The Garland Texas shoot out has spurred another round of speechifying on free speech, much of it of the yes but variety. I don’t like a lot of it since while I am not a free speech absolutist I come darn close and I figure it is wise to be vigilant, and suspicious, when people step up their yes butting rhetoric.
I can’t object overly to people grousing about the motivations of the group that held the event. It’s free speech to not like what they are up to. It’s free speech, too, to advocate legal (most likely constitutional) changes to make us more like the rest of the world, which some commentators would like to do.
But there is the underlying problem of the “reasonable man” concept that in the end almost all law is premised on. Culture trumps law as it does politics and most other things, and if the culture shifts massively away from traditional notions of free speech, one way or another the law will move with that change. So it is wise to keep a close eye on the debate for signs that values are shifting in ways that will prove capable of undermining what we consider to be settled law.
And we do seem to have a rough legal consensus on concepts like “fighting words”. Since the Texas shooting we have seen another round of arguments that the event itself was a provocation–was designed as a provocation–and as such may cross the “fighting words” boundary. That sounds good if you are inclined to believe it–but is it a legally sound argument?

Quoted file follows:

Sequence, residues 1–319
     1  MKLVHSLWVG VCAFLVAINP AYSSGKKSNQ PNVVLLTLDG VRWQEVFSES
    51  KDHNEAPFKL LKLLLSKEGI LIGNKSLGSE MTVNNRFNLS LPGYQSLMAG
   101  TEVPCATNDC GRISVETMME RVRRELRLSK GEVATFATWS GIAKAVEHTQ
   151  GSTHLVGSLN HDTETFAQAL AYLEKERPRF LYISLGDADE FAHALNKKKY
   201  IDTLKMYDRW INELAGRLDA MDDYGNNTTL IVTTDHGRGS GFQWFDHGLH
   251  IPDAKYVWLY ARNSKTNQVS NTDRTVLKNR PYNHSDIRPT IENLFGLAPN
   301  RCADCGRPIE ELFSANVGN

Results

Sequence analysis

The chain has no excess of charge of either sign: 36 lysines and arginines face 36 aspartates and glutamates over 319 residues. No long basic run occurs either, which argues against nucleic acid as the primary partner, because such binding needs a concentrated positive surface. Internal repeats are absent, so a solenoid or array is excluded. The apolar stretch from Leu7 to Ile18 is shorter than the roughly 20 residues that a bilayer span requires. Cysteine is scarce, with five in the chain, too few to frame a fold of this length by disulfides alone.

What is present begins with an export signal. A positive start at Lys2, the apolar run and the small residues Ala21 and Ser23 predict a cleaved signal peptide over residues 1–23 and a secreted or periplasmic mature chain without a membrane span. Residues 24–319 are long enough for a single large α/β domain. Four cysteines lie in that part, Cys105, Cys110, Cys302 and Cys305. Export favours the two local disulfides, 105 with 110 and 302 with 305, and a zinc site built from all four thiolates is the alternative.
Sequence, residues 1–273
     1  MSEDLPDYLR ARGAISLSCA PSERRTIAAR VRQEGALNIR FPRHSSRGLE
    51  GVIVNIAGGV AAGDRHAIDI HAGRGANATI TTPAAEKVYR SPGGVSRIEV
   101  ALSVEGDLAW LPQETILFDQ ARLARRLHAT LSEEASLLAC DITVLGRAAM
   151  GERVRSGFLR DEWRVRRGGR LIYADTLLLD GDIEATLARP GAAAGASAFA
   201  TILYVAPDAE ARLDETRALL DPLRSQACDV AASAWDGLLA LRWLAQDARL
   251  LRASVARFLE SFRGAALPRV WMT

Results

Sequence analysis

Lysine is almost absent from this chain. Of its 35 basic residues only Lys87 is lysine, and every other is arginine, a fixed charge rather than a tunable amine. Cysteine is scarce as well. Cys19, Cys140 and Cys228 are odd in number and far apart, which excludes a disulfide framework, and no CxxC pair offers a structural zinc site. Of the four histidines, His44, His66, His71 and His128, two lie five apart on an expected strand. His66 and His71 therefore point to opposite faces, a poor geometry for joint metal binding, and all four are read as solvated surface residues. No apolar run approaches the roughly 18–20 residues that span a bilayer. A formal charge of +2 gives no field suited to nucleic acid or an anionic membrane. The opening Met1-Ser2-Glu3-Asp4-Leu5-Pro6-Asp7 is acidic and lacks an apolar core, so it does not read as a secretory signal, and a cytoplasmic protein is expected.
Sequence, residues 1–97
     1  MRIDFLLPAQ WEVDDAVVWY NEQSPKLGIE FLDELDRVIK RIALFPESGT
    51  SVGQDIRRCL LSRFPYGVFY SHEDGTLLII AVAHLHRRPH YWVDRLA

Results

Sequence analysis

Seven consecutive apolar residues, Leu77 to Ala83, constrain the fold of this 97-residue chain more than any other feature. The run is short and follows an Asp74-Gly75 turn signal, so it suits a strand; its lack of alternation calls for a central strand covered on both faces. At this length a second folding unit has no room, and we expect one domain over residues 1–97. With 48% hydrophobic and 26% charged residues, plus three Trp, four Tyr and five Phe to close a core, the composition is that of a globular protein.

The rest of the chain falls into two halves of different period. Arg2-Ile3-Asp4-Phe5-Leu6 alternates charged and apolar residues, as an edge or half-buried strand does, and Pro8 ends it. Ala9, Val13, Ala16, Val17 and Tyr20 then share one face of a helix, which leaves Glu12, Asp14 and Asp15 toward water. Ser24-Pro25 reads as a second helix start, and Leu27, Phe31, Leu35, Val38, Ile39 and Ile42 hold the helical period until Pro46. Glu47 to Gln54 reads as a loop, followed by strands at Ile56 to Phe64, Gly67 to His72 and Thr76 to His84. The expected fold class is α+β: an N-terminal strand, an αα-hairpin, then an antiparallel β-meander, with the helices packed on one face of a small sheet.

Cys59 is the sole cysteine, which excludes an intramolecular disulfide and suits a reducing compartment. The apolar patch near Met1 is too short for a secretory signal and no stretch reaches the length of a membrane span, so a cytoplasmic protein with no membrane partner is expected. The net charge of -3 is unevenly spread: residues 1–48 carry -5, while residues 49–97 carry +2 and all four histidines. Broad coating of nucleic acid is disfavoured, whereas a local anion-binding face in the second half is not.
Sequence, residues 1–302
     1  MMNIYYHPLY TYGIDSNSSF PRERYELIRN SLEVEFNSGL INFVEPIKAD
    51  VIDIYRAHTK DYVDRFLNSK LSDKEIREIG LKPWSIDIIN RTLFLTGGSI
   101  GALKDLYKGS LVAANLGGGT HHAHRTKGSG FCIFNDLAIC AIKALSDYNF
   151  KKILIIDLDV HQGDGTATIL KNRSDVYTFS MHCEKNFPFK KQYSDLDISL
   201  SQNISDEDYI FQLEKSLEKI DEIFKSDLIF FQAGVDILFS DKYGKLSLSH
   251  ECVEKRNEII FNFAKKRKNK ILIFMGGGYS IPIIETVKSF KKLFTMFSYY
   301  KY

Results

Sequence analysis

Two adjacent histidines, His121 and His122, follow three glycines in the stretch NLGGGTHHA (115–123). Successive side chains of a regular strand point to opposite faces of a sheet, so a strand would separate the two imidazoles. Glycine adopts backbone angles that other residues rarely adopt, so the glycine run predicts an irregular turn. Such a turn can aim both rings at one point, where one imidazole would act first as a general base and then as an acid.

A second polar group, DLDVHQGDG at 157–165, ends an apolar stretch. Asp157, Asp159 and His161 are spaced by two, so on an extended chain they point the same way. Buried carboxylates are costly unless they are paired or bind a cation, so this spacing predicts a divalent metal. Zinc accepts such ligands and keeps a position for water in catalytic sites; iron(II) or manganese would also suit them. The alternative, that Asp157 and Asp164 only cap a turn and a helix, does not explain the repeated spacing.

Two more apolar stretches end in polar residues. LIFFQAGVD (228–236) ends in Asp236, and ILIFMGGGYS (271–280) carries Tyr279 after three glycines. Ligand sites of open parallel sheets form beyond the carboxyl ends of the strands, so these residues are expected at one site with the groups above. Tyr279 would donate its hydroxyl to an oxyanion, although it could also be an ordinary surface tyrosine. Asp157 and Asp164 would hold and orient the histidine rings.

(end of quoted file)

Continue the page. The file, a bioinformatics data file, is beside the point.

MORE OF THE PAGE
The concept of “fighting words”, introduced in a Supreme Court case in the 1940s has been progressively (!) whittled down over the years, to the point where Nadine Strossen says it is essentially meaningless. As the FIRE article points out, in a more recent Supreme Court case that whittled at the idea “(t)he majority held that fighting words were only ‘those personally abusive epithets which, when addressed to the ordinary citizen, are, as a matter of common knowledge, inherently likely to provoke violent reaction.'”
A cartoon show, even one designed to inflame, does not make the cut IMHO. More the better, too.
Still and all, you’ll note even in the whittling language above that inevitable reliance on the reasonable man–the “ordinary citizen” who would conclude an action is likely to provoke a violent reaction “as a matter of common knowledge.” Beware those tendencies.
We tend to think of the left as giving in nowadays to the siren’s song of throttling speech, and it has tended to be the right that has seemed to take up the cause. Interesting since as Razib has pointed out, the general impulse in favor of unfettered speech is positively correlated with education and political liberalism of the contemporary variety.